Prayer for the sick

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Reading of the Word of God

Alleluia, alleluia, alleluia

This is the Gospel of the poor,
liberation for the imprisoned,
sight for the blind,
freedom for the oppressed.

Alleluia, alleluia, alleluia

1 John 3, 11-21

This is the message which you heard from the beginning, that we must love one another,

not to be like Cain, who was from the Evil One and murdered his brother. And why did he murder his brother? Because his own actions were evil and his brother's upright.

Do not be surprised, brothers, if the world hates you.

We are well aware that we have passed over from death to life because we love our brothers. Whoever does not love, remains in death.

Anyone who hates his brother is a murderer, and you are well aware that no murderer has eternal life remaining in him.

This is the proof of love, that he laid down his life for us, and we too ought to lay down our lives for our brothers.

If anyone is well-off in worldly possessions and sees his brother in need but closes his heart to him, how can the love of God be remaining in him?

Children, our love must be not just words or mere talk, but something active and genuine.

This will be the proof that we belong to the truth, and it will convince us in his presence,

even if our own feelings condemn us, that God is greater than our feelings and knows all things.

My dear friends, if our own feelings do not condemn us, we can be fearless before God,


Alleluia, alleluia, alleluia

The Son of Man came to serve,
whoever wants to be great
should become servant of all.

Alleluia, alleluia, alleluia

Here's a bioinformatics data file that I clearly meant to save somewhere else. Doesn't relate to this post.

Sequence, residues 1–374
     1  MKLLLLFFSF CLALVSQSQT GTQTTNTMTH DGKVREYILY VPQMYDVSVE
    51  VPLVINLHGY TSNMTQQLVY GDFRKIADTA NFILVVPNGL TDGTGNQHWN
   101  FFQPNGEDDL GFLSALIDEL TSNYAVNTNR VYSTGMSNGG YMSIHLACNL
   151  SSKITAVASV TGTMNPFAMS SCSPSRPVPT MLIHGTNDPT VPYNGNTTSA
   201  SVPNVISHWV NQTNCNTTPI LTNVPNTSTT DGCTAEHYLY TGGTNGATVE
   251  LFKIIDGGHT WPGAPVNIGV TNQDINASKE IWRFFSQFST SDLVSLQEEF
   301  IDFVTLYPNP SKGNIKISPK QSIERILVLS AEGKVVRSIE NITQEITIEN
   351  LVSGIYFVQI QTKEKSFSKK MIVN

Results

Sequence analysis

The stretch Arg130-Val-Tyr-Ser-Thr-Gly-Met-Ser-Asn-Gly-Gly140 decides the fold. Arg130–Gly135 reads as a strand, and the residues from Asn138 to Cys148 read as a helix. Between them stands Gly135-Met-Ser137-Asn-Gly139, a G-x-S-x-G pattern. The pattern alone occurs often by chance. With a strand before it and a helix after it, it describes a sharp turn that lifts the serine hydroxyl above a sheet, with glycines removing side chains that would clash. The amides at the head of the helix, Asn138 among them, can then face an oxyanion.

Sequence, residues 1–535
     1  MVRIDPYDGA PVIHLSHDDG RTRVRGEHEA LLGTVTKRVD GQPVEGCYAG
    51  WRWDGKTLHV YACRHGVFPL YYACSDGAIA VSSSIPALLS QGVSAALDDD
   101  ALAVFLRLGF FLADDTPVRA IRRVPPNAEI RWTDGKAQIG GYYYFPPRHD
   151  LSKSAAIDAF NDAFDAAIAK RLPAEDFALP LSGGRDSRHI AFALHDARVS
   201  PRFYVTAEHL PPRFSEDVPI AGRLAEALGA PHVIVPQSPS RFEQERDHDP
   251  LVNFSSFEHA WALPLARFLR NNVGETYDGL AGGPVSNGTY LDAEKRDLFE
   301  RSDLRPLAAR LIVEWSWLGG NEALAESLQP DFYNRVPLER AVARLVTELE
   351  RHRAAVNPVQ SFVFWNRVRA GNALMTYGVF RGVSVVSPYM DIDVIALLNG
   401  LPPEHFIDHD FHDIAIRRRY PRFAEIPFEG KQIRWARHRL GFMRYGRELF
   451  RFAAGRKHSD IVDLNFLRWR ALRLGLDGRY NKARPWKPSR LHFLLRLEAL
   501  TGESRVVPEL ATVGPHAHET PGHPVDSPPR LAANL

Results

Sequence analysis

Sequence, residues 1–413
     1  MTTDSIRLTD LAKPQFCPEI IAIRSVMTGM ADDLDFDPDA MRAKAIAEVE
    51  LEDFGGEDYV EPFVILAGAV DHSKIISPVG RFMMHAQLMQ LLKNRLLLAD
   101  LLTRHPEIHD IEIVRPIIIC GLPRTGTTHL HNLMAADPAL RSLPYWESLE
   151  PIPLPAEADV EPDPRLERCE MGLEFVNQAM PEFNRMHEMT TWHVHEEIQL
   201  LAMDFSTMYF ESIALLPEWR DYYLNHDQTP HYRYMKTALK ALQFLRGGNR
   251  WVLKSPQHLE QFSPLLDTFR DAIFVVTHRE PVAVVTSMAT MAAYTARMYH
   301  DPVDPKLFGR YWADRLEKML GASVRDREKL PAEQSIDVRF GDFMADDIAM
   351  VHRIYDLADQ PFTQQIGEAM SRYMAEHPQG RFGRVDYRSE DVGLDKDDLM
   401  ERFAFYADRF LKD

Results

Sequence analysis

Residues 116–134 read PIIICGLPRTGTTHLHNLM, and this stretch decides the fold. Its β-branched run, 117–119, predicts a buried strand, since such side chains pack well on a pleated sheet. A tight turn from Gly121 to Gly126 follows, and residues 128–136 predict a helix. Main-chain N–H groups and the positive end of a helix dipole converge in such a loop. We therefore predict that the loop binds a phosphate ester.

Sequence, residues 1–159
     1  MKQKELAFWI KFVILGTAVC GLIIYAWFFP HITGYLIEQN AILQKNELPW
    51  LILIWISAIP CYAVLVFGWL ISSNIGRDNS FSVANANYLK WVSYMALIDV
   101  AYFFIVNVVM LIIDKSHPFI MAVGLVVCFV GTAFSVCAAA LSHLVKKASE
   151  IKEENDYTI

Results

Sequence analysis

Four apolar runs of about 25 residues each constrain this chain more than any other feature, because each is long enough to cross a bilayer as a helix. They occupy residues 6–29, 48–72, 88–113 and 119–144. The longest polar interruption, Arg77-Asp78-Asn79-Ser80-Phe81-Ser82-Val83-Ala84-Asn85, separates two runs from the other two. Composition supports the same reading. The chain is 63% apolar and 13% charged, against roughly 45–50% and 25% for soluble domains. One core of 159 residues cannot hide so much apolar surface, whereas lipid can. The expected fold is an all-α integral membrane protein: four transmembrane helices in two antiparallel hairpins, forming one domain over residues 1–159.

The apostle John, building on what he had just written about love for our brothers and sisters, affirms the primacy of love and reminds his readers that the first words they had heard as Christians - and which he had proclaimed from the beginning - were to “love one another.” Only by loving one another can people be saved from murderous violence. The example of Cain (“who was from the evil one”) effectively demonstrates the murderous strength hidden in selfishness and pride. The Christian should be the exact antithesis of Cain. Not only does the Christian “not hate” others; he or she must “love” them. In the Sermon on the Mount Jesus said: “You have heard that it was said to those of ancient times, 'You shall not murder”; and “whoever murders shall be liable to judgement.' But I say to you that if you are angry with a brother or sister, you will be liable to judgement; and if you insult a brother or sister, you will be liable to the council; and if you say, 'You fool’, you will be liable to the hell of fire” (Mt 5:21-22). The love of Jesus, that is, the love that makes us give our lives for others, is the primary inspiration for the disciple's interior life. Those who do not love like this fall into the devil's coils. He begins to dupe us with indifference that slowly pushes towards complicity with evil that plunges us into the abyss. There are no middle words between love and hate: either we choose the first and are freed or we chose the second and become its slaves. It is this radical incompatibility that inspires the world's opposition to Christians: love is violently blocked by those who are far from it and want to banish it from life at all costs. This is what happened to Jesus, and it is what continues to happen to his disciples every time they give witness to the commandment of love. But those who love their brothers and sisters are already in life, and death no longer has power over them. Christians are called to witness to love not in word but in deed, that is, in concrete service to the poorest. This is what reveals the Lord's love.